One of the most important books I have read in a long time in regard to the theology of election in Paul’s letters is the recent book by Dr. Chad Thornhill of Liberty entitled The Chosen People. Election, Paul and Second Temple Judaism. In the next several posts we will be interacting with this fine book through a dialogue with the author. BW3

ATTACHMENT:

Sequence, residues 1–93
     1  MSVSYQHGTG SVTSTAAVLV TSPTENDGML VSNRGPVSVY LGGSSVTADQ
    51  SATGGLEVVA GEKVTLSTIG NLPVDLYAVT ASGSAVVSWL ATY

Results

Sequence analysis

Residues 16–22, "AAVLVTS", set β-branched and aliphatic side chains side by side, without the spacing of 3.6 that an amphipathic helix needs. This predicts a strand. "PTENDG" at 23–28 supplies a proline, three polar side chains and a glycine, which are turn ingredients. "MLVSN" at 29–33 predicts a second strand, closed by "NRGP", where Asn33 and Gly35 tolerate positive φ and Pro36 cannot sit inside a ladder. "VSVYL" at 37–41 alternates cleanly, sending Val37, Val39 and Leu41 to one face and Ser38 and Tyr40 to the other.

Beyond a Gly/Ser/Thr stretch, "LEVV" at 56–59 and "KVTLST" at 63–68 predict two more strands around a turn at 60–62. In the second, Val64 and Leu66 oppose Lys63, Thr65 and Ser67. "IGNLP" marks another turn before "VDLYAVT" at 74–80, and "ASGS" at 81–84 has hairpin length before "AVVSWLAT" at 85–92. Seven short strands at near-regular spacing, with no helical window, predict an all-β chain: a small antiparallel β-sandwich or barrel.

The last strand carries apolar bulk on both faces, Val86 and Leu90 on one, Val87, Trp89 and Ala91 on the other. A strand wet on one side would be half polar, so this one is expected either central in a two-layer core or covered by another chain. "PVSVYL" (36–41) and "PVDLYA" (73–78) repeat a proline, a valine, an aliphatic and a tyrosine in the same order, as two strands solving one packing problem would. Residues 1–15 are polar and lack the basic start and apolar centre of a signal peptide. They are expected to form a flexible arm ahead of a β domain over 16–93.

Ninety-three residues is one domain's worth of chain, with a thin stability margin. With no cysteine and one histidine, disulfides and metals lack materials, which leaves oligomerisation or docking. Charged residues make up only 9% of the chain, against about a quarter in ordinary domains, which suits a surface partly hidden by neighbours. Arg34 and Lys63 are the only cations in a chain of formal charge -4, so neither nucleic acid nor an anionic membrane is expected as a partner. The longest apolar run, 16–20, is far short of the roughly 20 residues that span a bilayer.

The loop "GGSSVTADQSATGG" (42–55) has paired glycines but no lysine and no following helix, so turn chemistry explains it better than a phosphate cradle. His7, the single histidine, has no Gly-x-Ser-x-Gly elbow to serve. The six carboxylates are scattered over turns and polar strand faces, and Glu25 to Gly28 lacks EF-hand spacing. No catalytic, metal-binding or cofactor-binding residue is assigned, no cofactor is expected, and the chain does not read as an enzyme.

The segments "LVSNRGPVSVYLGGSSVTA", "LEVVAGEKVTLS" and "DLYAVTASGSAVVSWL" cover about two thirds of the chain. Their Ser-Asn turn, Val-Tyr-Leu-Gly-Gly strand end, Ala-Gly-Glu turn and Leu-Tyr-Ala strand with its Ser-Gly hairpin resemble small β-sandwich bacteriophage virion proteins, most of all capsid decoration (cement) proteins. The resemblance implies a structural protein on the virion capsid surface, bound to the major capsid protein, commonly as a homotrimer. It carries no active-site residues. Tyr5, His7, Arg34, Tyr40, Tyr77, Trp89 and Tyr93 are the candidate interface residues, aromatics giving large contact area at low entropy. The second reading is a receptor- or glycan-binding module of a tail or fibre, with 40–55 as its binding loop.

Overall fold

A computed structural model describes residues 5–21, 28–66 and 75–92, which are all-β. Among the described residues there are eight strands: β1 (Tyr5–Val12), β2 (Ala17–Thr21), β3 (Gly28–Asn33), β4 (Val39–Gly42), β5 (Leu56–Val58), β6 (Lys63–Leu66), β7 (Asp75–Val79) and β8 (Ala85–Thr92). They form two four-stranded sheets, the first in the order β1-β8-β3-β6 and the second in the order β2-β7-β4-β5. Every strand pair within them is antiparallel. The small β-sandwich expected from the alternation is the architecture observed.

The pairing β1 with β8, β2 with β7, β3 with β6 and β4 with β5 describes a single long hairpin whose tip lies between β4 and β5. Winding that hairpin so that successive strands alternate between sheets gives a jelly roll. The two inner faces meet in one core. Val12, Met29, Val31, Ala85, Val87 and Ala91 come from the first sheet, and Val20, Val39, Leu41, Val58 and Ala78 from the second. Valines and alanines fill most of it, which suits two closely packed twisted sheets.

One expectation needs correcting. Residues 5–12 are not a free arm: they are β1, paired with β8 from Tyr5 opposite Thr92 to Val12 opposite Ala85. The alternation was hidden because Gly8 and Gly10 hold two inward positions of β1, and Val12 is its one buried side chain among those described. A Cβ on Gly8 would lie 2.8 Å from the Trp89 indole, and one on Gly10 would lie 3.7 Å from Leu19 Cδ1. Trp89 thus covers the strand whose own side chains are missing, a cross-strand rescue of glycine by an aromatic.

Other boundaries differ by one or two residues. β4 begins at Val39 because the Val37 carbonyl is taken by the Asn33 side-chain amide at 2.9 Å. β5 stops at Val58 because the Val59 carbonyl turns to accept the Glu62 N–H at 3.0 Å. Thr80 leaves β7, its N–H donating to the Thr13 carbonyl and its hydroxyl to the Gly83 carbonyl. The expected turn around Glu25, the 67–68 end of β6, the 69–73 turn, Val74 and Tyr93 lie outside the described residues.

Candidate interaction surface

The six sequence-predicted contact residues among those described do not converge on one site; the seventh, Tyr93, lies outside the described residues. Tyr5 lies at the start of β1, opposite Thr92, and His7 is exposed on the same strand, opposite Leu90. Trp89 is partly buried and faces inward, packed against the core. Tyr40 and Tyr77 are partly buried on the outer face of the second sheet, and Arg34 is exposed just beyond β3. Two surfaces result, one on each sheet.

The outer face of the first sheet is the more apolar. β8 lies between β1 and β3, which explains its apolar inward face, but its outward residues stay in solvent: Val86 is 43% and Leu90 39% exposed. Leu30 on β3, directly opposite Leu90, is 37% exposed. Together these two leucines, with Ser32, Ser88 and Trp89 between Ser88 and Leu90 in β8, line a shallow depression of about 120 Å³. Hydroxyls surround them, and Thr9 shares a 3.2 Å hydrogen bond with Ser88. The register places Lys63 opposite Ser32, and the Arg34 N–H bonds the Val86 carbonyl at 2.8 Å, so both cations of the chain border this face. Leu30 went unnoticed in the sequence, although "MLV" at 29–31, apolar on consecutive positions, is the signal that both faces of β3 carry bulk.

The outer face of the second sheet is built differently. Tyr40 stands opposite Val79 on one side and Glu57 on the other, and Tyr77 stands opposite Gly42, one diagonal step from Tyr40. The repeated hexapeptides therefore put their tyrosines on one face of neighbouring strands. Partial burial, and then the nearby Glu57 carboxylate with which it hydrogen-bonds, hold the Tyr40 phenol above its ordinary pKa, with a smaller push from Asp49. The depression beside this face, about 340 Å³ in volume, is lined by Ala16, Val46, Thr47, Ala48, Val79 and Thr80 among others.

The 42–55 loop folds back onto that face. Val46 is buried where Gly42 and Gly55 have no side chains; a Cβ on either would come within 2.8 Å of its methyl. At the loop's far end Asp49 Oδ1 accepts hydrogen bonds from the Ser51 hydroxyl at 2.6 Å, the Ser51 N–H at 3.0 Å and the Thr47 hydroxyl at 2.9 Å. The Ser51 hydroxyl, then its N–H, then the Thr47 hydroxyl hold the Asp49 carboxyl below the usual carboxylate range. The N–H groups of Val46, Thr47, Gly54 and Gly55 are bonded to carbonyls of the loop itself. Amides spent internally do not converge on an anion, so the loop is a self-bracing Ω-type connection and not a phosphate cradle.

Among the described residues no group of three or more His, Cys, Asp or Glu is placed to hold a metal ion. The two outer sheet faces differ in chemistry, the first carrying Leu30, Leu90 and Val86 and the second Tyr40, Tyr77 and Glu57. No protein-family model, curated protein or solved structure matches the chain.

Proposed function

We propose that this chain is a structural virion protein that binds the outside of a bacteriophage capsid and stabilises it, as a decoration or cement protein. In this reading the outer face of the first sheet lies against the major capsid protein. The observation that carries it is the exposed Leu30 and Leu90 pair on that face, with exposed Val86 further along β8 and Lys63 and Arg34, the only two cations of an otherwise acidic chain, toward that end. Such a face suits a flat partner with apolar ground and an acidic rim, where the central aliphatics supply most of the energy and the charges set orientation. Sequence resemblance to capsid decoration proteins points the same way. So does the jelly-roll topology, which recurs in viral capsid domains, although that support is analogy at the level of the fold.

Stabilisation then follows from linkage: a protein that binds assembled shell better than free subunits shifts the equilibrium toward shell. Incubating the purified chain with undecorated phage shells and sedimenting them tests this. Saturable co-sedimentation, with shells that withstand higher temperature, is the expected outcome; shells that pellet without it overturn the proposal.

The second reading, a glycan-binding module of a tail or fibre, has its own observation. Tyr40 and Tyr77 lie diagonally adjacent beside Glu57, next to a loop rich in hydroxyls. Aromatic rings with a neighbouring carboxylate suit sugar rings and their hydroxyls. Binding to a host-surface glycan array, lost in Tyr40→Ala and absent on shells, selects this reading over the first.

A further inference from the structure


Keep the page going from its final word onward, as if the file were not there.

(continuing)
QUESTION 1: In a detailed study of salvation language in the OT, followed by salvation language in Luke-Acts (see the Appendix to my Acts commentary), I pointed out that salvation in those contexts largely refers to rescue, or healing, or ransoming out of bondage, and does not refer to the later Christian notion of permanent salvation from all sins and the gift of everlasting life. Indeed, the OT says precious little about going to heaven, or a positive afterlife beyond Sheol or ‘being gathered to one’s ancestors’. Only in very late material, such as Dan. 12.1-3, do we begin to hear about actual bodily resurrection as a future for the believers. This led to my conclusion that while we hear a good deal about God electing a chosen people in the OT, and even picking non-chosen one’s like Pharaoh or Cyrus for a special role in human history, that this seems to have very little to do with the salvation of particular individuals as understood in Christian sources including the NT. How would you assess this suggestion?